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Grease, Fast Times at Ridgemont High, American Graffiti – all these classic films depict a teen driver piling their friends into their cars and going out to have fun. This may have once been a reality, but today’s teens may never be able to live out these memories with their own friends due to the strict laws that are in place for teen drivers.
In the state of California, new drivers under the age of 18 are to follow certain laws that restrict them from driving at certain times and with certain people. These laws include a curfew of not being allowed to drive between 11 p.m. and 5 a.m., as well as being unable to transport passengers under 20 years old unless accompanied by a California-licensed parent or guardian, a California-licensed driver 25 years old or older, or a licensed or certified driving instructor. I think that these laws are unnecessary not just because they can be a problem because they prohibit teens from going places with peers, but it mostly a problem for parents who are unable to drive their kids and need someone to drive them.
Personally, I live in a neighborhood where most of the kids all go to Mater Dei; naturally many carpools have been created because of this. When I got my license over the summer, I was asked by numerous parents about taking their kids to school because their work schedules made this difficult to do on their own. However, being a minor and a new driver, legally I am not allowed to take them to school. Being unable to help other students due to these stringent laws puts a burden on parents who have busy work schedules.
Junior Morgan Jennings believes the law is unfair but understands that it is in place to keep teen drivers from distractions caused by having peers in the car with them.
“I feel that it gives us boundaries but at the same time I feel that we have other things going on at different times so it can be annoying,” said Jennings, who just earned her license a few months ago. “But I think it’s there for a reason so I respect it.”
Currently, the licensing age is 16, but public opinion favors an increase in the licensing age to 17, but why? I don’t understand what a 17-year-old would do differently behind the wheel than a 16-year-old, or even someone in the is much older.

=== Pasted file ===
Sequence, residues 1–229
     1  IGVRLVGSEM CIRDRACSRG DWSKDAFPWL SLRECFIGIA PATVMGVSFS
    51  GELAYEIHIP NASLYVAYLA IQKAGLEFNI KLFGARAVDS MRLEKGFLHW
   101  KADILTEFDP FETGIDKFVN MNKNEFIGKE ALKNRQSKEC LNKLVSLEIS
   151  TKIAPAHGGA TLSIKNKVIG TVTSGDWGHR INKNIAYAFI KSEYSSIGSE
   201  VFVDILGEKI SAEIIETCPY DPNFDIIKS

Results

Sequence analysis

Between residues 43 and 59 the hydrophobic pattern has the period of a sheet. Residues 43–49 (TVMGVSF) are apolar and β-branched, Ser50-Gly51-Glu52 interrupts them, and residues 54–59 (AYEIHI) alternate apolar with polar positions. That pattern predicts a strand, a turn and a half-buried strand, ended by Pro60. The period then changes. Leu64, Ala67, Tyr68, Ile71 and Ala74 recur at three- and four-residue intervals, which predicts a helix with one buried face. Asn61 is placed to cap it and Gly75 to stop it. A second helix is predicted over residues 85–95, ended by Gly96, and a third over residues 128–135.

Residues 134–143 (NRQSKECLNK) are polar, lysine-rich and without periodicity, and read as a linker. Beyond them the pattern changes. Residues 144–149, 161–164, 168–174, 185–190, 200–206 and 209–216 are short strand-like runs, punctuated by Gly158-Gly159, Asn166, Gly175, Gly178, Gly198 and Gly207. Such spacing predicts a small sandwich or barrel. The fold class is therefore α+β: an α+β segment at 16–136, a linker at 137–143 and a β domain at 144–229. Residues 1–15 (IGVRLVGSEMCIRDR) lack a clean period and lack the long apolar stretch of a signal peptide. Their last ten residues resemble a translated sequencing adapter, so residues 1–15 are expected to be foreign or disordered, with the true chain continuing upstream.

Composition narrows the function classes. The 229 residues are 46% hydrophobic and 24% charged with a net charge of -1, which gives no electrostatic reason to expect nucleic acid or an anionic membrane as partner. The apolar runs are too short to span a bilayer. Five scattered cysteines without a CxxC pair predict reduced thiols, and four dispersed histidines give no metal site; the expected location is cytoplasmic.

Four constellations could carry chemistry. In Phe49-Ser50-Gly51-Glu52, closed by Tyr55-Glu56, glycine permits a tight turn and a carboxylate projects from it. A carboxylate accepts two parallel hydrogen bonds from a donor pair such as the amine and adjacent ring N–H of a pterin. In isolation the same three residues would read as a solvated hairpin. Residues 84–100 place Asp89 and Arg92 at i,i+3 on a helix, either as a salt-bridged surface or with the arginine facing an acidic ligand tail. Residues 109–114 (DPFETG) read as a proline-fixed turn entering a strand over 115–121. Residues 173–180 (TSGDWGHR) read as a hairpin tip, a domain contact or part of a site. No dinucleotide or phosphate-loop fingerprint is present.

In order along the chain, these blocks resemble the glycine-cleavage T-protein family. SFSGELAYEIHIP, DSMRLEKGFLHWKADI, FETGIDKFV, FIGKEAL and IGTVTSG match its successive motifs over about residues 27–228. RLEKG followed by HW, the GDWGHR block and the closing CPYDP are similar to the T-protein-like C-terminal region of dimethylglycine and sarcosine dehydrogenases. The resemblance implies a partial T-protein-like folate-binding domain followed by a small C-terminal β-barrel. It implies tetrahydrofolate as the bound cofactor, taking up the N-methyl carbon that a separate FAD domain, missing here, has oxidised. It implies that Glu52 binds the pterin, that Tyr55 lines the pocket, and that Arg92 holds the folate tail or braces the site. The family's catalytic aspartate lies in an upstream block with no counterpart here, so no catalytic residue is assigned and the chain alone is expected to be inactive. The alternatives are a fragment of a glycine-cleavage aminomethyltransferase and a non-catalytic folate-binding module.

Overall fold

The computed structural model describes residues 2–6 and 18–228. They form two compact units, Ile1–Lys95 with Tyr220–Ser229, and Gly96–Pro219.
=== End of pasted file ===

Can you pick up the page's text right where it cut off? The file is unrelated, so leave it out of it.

Many other states are making even more difficult for teen drivers by imposing new laws that further constrain their driving capabilities. In a New York Times article, reporter Kate Zernike writes about how, in New Jersey, minors are forced to put a sticker on their license plate to show that they are under 18. This requirement is in addition to curfew laws and passenger restrictions like in California.
“…in New Jersey, which has long had the nation’s highest licensing age, 17, lawmakers are pushing further, requiring teenage drivers to attach a red decal to their license plates to make it easier for the police to enforce a curfew and passenger restrictions,” Zernike said.
This decal may make the lives of law enforcement easier, but it is putting many minors at risk for predators to pick them off and possibly put them in danger. One source on Zernike’s article was concerned for his teenage daughter’s safety.
“He has instructed his daughter not to use the decals, saying he feared, as others do, that they would make her the target of sexual predators,” Zernike wrote.
These laws are said to be justified by the fact that, for teens, car accidents are the leading cause of death. However, this statistic feels illogical: What else could be leading cause of death for an age group that is reported to be the first generation to be able to live long past 100 due to advances in modern medicine? And why would it be the leading cause of death of adults when their leading cause of death is cancer and heart disease?
Zernike describes how one parent says that the law doesn’t make sense because of the fact that most of the military consists of young men and women, including teens.
“We have young people flying Apache helicopters in Afghanistan to protect us; you’re saying you can’t drive a car past 11?” Mr. Trautmann, one of her sources said.
In fact, teens undergo intensive training in order to drive legally. Before getting your license, you are required to undergo several hours of drivers education in order to just get your permit. I personally used a program that required you to log 30 hours of online training in order to finish drivers ed. This took me a few months because of the requirement, but it also made me extremely prepared for my permit test, and I passed with only two questions wrong.
After receiving your permit you have to meet with a trained professional three times for two hours of behind-the-wheel training. My instructor was extremely informative and really helped me as far as learning the rules of the road and the proper ways to react to situations that could lead to an accident or to my own personal safety being at risk. This training prepares anyone who later gets their license with the proper tools to use while behind the wheel. When you first get your license you’re more likely to remember these tips than those who have had their license for years. If this is the case, then why are new drivers seen as untrained and unable to drive the same as any other driver? Does society not believe that the training they’ve received and the hours of behind-the-wheel practice they’ve done is not enough? If this is the case, then what’s the point of even having training if it’s not enough to have the same freedom as other drivers?
These laws are unnecessary and problematic, it’s important that we do something to change them for the future.
If the law is to continue, I think that it should be applied to all new drivers because I believe that anyone with a new driver’s license is at risk to cause an accident, not just minors. Why should minors be the only people with strict laws put on?